ALBANY, GA (WALB) - Folks seem to want to get an inside glimpse behind the curtain at WALB. This look begins in 1978, when a gallon of gas cost 63 cents, the average cost of new house was $54,800, Bob Horner was Rookie of the Year for the Braves, and WALB put a new mobile studio in service.
The 1978 Ford Econoline van had a V-8 engine, dual rear wheels, and was bought from Pritchett Ford on North Slappey Blvd.
WALB engineers began installing TV broadcast equipment racks, to hold monitors, amplifiers, camera controllers, frame-synchs, microwave transmitters, a video switcher, and audio board.
L. M. "Doc" Bridges did the original woodwork on the walls of the truck. Engineers Bill Williams, David Williams, Wade Thomaston, Bob Barrett, George Cooper, Bob Pindar, and others did the original installation and cabling.
An Onan gas generator was installed so that the vehicle could make its own electricity.
For the better part of three decades, that mobile studio generated the sight and the sound for every Exchange Club Fair, Sunbelt Ag Expo, Peppermint Pops, Let's Make a Bid, Rose Parade, Christmas parade, governor's debate, Watermelon Festival, Peanut Festival, High School Football Championship, and other remote the station produced.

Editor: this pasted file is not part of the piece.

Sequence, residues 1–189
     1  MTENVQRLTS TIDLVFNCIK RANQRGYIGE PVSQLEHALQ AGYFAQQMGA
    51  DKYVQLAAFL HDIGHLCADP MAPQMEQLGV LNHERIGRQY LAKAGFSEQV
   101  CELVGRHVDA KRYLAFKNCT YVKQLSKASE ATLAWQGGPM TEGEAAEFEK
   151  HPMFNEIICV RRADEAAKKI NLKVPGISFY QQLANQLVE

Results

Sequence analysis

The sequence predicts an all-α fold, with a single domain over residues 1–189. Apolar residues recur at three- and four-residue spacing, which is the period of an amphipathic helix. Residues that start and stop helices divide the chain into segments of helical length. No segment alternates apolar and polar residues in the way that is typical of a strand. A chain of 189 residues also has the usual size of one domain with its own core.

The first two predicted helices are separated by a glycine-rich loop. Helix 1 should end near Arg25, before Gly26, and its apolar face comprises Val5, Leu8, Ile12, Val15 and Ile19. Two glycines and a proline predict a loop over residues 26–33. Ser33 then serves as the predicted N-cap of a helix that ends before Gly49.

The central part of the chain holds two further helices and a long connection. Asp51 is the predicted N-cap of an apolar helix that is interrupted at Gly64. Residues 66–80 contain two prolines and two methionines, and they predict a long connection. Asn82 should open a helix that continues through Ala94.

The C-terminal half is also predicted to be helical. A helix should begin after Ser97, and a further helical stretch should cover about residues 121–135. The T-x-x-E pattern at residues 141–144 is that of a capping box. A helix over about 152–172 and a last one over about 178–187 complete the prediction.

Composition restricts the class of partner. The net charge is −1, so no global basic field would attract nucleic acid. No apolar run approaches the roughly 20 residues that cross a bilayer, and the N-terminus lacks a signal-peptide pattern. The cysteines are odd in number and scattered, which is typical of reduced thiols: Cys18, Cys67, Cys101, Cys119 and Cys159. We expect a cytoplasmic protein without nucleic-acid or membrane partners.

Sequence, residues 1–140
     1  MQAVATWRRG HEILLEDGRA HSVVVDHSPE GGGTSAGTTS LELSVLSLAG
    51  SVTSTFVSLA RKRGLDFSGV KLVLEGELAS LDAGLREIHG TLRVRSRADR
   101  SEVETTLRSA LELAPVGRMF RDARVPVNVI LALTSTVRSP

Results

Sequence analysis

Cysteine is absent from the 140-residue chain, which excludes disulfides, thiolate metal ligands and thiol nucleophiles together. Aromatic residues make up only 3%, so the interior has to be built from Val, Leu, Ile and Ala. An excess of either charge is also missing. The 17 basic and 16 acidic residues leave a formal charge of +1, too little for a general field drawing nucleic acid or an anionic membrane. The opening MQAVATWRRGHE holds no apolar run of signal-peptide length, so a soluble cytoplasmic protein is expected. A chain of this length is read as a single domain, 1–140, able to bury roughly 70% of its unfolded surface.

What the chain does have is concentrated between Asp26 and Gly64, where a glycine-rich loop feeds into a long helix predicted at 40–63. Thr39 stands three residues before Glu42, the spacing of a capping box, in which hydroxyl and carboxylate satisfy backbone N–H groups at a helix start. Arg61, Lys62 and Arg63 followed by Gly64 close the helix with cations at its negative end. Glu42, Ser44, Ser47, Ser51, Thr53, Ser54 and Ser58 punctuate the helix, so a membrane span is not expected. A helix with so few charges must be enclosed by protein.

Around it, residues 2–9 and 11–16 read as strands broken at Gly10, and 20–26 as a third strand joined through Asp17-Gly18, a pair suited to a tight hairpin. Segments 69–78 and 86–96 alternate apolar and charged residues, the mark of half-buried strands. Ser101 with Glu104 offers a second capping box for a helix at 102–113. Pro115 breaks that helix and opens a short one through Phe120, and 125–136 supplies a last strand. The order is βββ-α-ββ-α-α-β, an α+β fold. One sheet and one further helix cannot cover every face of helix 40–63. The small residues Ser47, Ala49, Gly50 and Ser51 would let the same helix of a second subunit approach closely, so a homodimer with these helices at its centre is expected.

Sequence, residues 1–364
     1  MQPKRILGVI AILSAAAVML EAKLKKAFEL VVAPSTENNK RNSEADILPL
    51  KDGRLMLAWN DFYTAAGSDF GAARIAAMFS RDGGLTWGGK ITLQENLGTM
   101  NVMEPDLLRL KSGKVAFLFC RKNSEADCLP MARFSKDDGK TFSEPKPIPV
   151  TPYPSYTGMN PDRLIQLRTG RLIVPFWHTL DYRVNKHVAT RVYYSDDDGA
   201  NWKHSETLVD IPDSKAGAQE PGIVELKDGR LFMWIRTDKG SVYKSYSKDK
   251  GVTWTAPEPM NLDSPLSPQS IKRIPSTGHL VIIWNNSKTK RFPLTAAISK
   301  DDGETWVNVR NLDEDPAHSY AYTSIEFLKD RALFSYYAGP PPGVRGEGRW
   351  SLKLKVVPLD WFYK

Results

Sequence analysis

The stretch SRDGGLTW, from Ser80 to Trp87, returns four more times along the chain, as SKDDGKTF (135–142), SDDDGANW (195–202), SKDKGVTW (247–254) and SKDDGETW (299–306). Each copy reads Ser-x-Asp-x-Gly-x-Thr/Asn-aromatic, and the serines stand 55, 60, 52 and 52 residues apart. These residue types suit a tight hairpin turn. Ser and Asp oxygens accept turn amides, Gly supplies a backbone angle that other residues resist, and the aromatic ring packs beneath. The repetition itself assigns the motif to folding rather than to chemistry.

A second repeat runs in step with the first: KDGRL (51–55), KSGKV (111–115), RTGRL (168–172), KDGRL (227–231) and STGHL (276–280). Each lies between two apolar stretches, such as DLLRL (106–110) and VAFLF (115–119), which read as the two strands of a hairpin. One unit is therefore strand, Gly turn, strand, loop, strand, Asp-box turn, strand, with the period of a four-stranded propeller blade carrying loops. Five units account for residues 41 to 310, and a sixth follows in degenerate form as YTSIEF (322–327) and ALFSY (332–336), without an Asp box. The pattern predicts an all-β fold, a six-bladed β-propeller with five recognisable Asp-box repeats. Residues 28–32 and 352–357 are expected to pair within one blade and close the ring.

For the first twenty years, every time we used the truck, a team of engineers had to scurry like squirrels up water towers and rooftops, hoisting and setting up bulky microwave transmitters and dishes to beam a signal back to the studio.
In the early 2000's Gray Communications installed a mast that extended over 50 feet above the ground was installed to allow microwave feeds back to the main studio. One person could set up a local live shot within 15 minutes. For a few years, Sam Smith drove the mobile studio just about every day, in all weathers.
That mast was removed on December 4, 2013. The generator was disconnected from the chassis of the truck the same day.
It missed film for TV, but saw the heyday of 3/4 inch U-Matic tape, Beta tape, DVC Pro tape, and CCD chip cameras. High Definition TV was the practical end of its service.
A drive-line that finally died in its 33rd year was the final nail in the old warrior's coffin.
In an age of throw-it-away-and-get-a-new-one, this old truck, operated by a cast of at least hundreds who have WALB on their resumes, was a monument to solid American-built hardware.
Those of us "Big 10'ers" who served tours of duty with the '78 won't forget our time in the field with her.
Alas, there's no happy ending to the story. What's left will be sold for salvage.
Mobile users, if images are not seen, click this link: http://www.walb.com/story/24137501/end-of-an-era-walb-mobile-studio-truck-decommissioned
Engineers Bob Barrett and Bob Pindar contributed to this article.